Emergency Medical Dispatcher

The Job and What's Involved

Emergency medical dispatchers are an important part of the ambulance service control team (also known as command and control). The job title and duties can vary slightly depending on the ambulance service (some services split this role into emergency call handlers and dispatchers).

As an emergency medical dispatcher, you would answer calls from the public and GPs requesting ambulance assistance. Whilst on a call, your duties could include:

  • Taking essential information from callers (exact location and details of what has happened).
  • Keeping the caller calm in order to get all the information needed for an ambulance response.
  • Giving advice to people facing life-threatening situations
    helping people to cope until an ambulance arrives.

You would also take urgent 999 calls.

As as result of a call, you would decide on the type of response needed and dispatch the nearest and most appropriate vehicle (for example, an ambulance, rapid response car, motorcycle or paramedic helicopter).

With experience, you could be involved in explaining complex procedures (such as resuscitation or delivering a baby) over the telephone to a caller.

You would usually work shifts, providing cover 24 hours a day, seven days a week (including public holidays).

You would work at a switchboard in an office.

Emergency medical dispatchers can start on between £13,600 and £16,800 a year. With experience, this can rise to around £18,500.

Team leaders can earn up to £34,000.

Getting Started with this Career Choice

You will find most jobs in the NHS, however, there are some opportunities to train and work in the armed forces.

Jobs can be advertised in the local and national press, and through Jobcentre Plus offices.

Education and Training

In general, to be an emergency medical dispatcher you will need:

- Good keyboard and computer skills
- GCSE's (A-C) in English, maths and science
- A typing qualification

Some employers will also prefer you to have:

  • Paid or voluntary experience in the health sector (contact the voluntary services coordinator or manager at your local NHS Trust for further advice).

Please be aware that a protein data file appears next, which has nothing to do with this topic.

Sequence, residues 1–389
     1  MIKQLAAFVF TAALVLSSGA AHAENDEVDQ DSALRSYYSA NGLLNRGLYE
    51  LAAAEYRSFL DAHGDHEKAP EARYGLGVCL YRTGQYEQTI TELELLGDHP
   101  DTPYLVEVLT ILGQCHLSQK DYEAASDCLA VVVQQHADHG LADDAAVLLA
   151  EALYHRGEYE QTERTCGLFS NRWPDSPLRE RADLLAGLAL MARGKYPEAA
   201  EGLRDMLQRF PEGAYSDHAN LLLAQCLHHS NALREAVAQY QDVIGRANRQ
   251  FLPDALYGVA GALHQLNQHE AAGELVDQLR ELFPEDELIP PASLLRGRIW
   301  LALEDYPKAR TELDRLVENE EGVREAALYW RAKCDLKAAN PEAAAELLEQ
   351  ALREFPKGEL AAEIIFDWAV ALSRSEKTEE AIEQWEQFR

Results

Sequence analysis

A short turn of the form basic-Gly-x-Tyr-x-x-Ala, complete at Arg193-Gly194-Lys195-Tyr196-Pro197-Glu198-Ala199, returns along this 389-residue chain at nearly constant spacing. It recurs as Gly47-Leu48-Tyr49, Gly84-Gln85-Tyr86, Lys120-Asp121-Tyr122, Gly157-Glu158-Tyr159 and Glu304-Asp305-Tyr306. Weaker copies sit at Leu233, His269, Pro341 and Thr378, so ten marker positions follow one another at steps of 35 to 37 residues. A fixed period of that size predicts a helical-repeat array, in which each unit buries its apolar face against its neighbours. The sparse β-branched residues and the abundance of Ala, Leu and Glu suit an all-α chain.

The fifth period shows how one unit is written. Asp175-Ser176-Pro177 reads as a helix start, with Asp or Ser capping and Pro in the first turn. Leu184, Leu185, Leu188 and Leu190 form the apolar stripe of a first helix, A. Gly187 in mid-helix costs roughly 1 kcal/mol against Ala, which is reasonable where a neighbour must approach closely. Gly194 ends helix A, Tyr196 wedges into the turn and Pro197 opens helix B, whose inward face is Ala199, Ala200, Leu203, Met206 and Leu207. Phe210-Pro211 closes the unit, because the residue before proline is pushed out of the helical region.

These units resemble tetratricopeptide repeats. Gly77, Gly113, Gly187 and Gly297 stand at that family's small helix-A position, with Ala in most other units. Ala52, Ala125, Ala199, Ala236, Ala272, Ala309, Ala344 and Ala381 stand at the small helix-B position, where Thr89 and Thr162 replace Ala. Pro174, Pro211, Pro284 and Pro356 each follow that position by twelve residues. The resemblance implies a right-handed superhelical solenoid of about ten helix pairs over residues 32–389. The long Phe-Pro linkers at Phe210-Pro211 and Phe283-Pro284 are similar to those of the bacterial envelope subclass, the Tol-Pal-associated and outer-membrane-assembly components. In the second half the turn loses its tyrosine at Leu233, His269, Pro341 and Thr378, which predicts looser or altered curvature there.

• The ability to speak a community language.
  • Map reading skills and knowledge of local geography.
  • An understanding of medical terminology.
  • Experience in a customer-focused role, such as call centre operator.
  • A recognised and up-to-date first aid qualification.

You should check directly with the ambulance service you wish to join, as each service can set its own entry requirements. For details of local services, check the NHS Choices website.

A Few More Exams You Might Need

As a new recruit you will receive in-house training, either classroom-based or on the job, which can take up to three months.

You will usually be trained in areas such as:

  • Using switchboards, radio communications and other equipment.
  • Recording information accurately.
  • The role of the ambulance and emergency crews.
  • First aid.
  • Prioritising calls.
  • Giving telephone advice.
  • Using computerised command and control systems.

Featured Job Guide - Ambulance Technician

Ambulance Technician

As an ambulance technician you would respond to accident and emergency calls, as well as a range of planned and unplanned non-emergency cases. You would usually work in a team, providing support to a paramedic during the assessment, diagnosis and treatment of patients at the scene of an incident and during hospital transfers.

You may use life saving skills as part of your day-to-day work.

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Skills and Personal Qualities Needed

An emergency medical dispatcher needs

  • The ability to record and process information accurately.
  • A caring attitude.
  • Good problem solving skills.
  • A strong sense of responsibility.
  • Good organisational skills.
  • The ability to work as part of a team.
  • The ability to stay calm under pressure, think fast and use your own initiative.
  • A good telephone manner.
  • Strong communication and listening skills.

Your Long Term Prospects

With the appropriate skills and experience you could progress to control room supervisor or another management role, responsible for a team of dispatchers/call handlers. You could also move into a training position.

Working as a dispatcher would give you insight into the work of ambulance crew. However, to move into ambulance work, you would need to meet the same entry requirements as someone from outside the service.

Get Further Information

NHS Careers, PO Box 376,
Bristol BS99 3EY
Tel: 0345 60 60 655
Website:www.nhscareers.nhs.uk

Northern Ireland Ambulance Service (NIAS),
Ambulance Headquarters,
Suite 30 Knockbracken Healthcare Park,
Saintfield Road, Belfast BT8 8SG
Tel: 028 9040 0999
Website: www.niamb.co.uk

London Ambulance Service,
Recruitment Centre, St Andrews House,
Devons Road, Bow, London E3 3PA
Tel: 020 7887 6638
Website: www.londonambulance.nhs.uk

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